The Texas Legislature is in full swing. And, while lawmakers debate a flurry of bills ahead of sine die, we're answering some of your questions about what goes on under the granite dome for our TXDecides project.
Today's question comes from Eric Staib:
Greg Abbott seems to make the news more often than governors in other states I've lived in. How powerful is the Texas governor compared to other states?
Jennifer Stayton: With KUT News in Austin, I'm Jennifer Stayton. It's Tuesday morning and that's the time each week when we check in with KUT Senior Editor Ben Philpott for a closer look at what's happening at the Texas Capitol during this legislative session. Good morning, Ben.
Ben Philpott: Good morning.
JS: Also during this legislative session we've been hearing from listeners who want to know ... they have some questions about things going on at the Capitol, and we've got a really interesting question from somebody recently I want to read it to you. So the questioner says Greg Abbott – Texas Gov. Greg Abbott – "seems to make the news more than governors in other states I've lived in." Now, I don't know where this person has lived before. But the questioner goes on to say, "How powerful is the Texas governor compared to other states?" So what would you say about that?
BP: The quick answer is Texas does have a weak governorship. The way it was set up was for the Legislature – specifically, people like the lieutenant governor and the speaker of the House, who control the Senate and House in the Legislature – for those people to have a little bit more control in terms of setting what bills can get passed and what bills can make it to the governor's desk. But I would say that if you're an effective weak governor, you are in the news a lot, because what you have is a weak governor is the bully pulpit. And if you are not in the news, if you are not talking about what you certainly hope that the Legislature does or things that you might veto if the Legislature sends it to them, then you're an even weaker weak governor.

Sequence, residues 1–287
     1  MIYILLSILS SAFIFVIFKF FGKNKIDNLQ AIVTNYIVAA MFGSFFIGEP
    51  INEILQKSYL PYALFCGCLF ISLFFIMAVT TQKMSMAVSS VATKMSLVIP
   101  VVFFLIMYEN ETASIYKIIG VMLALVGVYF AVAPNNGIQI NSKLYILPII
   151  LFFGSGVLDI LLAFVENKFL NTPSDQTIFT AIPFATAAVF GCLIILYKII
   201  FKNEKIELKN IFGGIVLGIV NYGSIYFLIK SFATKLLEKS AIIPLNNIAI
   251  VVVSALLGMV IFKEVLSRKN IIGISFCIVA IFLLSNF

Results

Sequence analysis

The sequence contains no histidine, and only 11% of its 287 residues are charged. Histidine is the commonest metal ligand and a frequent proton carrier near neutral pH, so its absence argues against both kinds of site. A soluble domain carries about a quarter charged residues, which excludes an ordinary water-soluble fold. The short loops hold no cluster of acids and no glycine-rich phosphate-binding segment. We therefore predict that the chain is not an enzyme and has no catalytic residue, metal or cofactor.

JS: Well, then, ultimately doesn't the buck still stop with the governor, if you will? Because if a bill makes its way through the House and the Senate and then to the governor's desk, the governor can still veto it.
BP: Not only can he veto it, but the way our legislative session is set up and the way our veto rules are set up, the governor usually vetoes bills about a week after lawmakers have left Austin. And lawmakers cannot come back together as a legislative body unless the governor calls them back, and when he does, they can only do it based on what he tells them they can work on.
JS: That's for a special legislative session.
BP: So that's a really long way of saying there is no veto override authority really here in the Texas Legislature.
JS: But as we saw with previous Texas Gov. Rick Perry, who was governor before Greg Abbott, sometimes it's not necessarily the powers of the office, but it's longevity.
BP: Right. What that allows you to do is have a majority of people that you have appointed. This is a governor power to be able to appoint people to boards and agencies all across the state. If you then have a majority of people running a different state agency or running a board that you have appointed, you essentially then have a little bit of power within those agencies as well.
JS: Senior Editor Ben Philpott, keeping us updated on what's happening at the Texas Capitol during the Texas legislative session and how the Texas government works. Thanks so much, Ben.
BP: Thank you.
JS: You can always find more news at KUT.org.